Several years ago, the day after returning from gu...

Several years ago, the day after returning from guiding a backpack sheep hunt in Mexico, I developed a massive pain in my lower back. Within an hour it became unbearable and shortly after that I was in the local emergency room under heavy narcotics for kidney stones. Anyone who has ever had kidney stones will tell you it is about the most painful thing you can experience. Aside from pain medication, in most cases, there is not much a doctor can do for you–you simply have to ride it out until the stones pass.

After that horrible experience, it got me thinking: What would I do if that had happened on a week earlier while I was on Tiburon Island hunting desert sheep? Considering that I typically spend between four and seven weeks a year in remote locations on unsupported backpack hunts, both guided and solo, what would I do if I developed kidney stones on day one of a hunt? Ruining the trip of a lifetime seemed like the best possible scenario, full on medical evacuation being the worst case.

Since then, I have run into many hunters who have similar reoccurring health issues that could present a problem on a hunt, ranging from non-life threatening heart conditions, debilitating acid reflux, balance issues from inner ear flare ups, and so on. The ailment is rarely the same but the overall problem presents on a hunt is.

Below are two tips that may help you prepared for the worst case scenario on your mountain backpack hunt. While I hope you never find yourself needing any of this advice, you find it helpful should an emergency ever arise.

Brendan Burns, KUIU Director of Industry Relations

Develop a Plan Ahead of Time

After you are having a medical emergency is not the time to figure out how to manage the problem.

After consulting my physician about prevention and management of kidney stones, we came up with a plan to put the odds on my side that it doesn’t happen on a hunt. First, I get a yearly x-ray before the season to identify any potential problems. Second, my physician has put together a pain management package for me that I take on every hunt. Basically, it is 10 day kit of prescription medication that would get me through passing a stone or at least keeping the pain in check should I have the bad luck of having one of these painful ordeals occur on a hunt.

If you have a medical condition that could potentially be a problem on a hunt, consult your physician ahead of time and explain your concerns. They are there to help.

Have Access to Communication

Unfortunately, most medical emergencies don’t give you the luxury of be able to plan ahead for. This is why a reliable communication plan is crucial. Personally, I use a satellite phone.  There are several other communication devices on the market today, but none as reliable as a satellite phone. I have found the Iridium system to be the only truly reliable satellite system for all locations. They are fairly reasonably priced and aside from being a literal lifesaver, they are a great way to keep in touch with family while on a hunt. I always bring my own sat phone on every hunt, whether I’m solo or on a guided trip. Someone else having a phone is not going to help you if you really need one.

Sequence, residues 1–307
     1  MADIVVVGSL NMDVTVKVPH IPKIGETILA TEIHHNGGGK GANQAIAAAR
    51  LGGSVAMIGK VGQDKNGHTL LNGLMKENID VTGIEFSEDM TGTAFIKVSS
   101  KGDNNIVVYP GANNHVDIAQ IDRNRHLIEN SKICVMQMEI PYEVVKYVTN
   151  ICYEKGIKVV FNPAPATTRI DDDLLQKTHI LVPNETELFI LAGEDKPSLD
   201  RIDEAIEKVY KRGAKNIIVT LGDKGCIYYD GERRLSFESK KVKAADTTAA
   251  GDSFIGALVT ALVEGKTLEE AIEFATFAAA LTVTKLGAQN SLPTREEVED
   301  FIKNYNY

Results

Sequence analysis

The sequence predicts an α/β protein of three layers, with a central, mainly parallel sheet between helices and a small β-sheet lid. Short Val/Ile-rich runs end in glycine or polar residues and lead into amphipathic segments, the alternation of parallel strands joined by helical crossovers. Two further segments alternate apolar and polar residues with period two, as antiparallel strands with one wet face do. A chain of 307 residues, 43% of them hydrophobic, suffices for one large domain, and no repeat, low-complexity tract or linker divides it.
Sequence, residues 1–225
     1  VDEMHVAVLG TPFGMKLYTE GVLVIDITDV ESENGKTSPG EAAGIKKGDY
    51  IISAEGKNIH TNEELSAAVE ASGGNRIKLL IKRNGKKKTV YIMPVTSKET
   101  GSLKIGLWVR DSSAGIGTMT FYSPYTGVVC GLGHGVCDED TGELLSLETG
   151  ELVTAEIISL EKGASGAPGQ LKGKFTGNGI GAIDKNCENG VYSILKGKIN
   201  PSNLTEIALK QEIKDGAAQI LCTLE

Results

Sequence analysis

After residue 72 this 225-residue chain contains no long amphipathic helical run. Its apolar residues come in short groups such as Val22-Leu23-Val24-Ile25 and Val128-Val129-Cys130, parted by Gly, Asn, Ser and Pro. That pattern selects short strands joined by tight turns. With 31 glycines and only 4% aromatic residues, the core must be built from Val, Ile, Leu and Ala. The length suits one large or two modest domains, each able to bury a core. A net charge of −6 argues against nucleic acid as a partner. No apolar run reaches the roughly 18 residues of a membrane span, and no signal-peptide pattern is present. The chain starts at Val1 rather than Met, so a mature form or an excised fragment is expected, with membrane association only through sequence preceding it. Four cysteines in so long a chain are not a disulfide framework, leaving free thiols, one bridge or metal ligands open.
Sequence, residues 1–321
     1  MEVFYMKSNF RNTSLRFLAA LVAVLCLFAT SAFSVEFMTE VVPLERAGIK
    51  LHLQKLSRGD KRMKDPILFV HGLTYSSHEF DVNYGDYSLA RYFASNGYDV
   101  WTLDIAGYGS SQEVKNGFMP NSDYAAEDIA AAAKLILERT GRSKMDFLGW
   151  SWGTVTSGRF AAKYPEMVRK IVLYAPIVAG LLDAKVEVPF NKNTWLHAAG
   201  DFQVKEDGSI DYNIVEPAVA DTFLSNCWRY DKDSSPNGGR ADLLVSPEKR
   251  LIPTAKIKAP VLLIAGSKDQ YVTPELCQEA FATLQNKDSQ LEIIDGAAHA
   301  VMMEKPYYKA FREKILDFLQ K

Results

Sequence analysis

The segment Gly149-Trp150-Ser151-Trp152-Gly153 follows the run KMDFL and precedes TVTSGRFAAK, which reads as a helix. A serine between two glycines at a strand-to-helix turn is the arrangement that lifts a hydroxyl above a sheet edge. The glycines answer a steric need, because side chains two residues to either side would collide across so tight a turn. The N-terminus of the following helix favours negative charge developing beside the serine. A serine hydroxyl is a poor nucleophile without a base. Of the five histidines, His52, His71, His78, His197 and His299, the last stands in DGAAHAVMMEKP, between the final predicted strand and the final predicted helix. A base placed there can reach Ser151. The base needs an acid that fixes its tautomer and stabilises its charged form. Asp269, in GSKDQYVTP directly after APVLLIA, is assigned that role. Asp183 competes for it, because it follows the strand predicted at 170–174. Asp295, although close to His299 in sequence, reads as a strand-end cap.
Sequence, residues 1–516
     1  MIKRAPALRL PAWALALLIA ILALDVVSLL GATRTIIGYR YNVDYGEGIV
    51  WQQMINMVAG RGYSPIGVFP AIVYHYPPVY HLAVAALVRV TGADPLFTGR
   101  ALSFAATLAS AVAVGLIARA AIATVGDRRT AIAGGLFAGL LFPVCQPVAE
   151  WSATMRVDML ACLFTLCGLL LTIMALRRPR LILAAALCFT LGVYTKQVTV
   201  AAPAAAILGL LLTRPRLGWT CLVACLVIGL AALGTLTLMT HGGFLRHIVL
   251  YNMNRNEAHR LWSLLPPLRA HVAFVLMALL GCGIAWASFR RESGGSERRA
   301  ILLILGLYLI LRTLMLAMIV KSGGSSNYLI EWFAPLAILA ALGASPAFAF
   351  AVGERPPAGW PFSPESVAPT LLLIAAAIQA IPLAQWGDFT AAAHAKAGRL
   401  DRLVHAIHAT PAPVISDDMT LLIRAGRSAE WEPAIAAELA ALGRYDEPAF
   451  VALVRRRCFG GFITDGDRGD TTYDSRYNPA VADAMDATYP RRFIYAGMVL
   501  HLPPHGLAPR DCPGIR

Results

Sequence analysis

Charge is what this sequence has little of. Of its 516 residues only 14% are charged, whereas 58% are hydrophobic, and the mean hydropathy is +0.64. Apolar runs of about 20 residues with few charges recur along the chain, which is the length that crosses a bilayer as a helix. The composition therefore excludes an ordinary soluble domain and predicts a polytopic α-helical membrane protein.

This article has 4 comment(s)

  1. JT Reply

    Brendan, which Iridium phone do you have/prefer to use? A quick google search show’s there’s quite a few models. Thanks!

    • KUIU Ultralight Hunting Reply

      JT,
      I use either the 9500 or 9555 model phone. I buy or rent them from Explorer Satellite.
      Brendan

  2. Bob Reply

    Great info BB! We used Iridium GO this past season and loved it. It’s a sweet little unit that uses bluetooth to make your smart phone a SAT phone. You can call, text or email and one GO can support up to 6 smart phones I believe. Up north, we’ll have signal issues from time to time because of the horizon line so it was great to able to send a text to base camp or text the pilot for a pick up. We get all our stuff at Explorer Satellites as well… Like you say, emergencies are seldom planned, most of our hunters use a service like Global Rescue. Nice to have that security blanket if needed. Congrats again on the Grand Slam bro!!!

  3. Brandon Wynn Reply

    Brendan,

    Great advice on communications. It seems like whenever you read about a tragedy of someone getting hurt or lost and not surviving they never have satellite communications. I have a sat phone and an inReach which uses the same iridium network as the Satphone. On a recent trip to Montana in a poor satellite coverage area I found that I was able to send messages with the inReach but was not able to make a call on the Satphone. It seemed like the coverage was good enough to send and receive the tiny data package of text messages but was too spotty to connect and hold a phone call. I should have tried to send a text msg with the phone but didn’t. I need to test it more but maybe the inReach is a more reliable communicator?

    My Satphone is the newer 9575. I’m thinking it might not work as well as my old 9505. Have you used the 9575 and do you have an opinion about it? Thank you.

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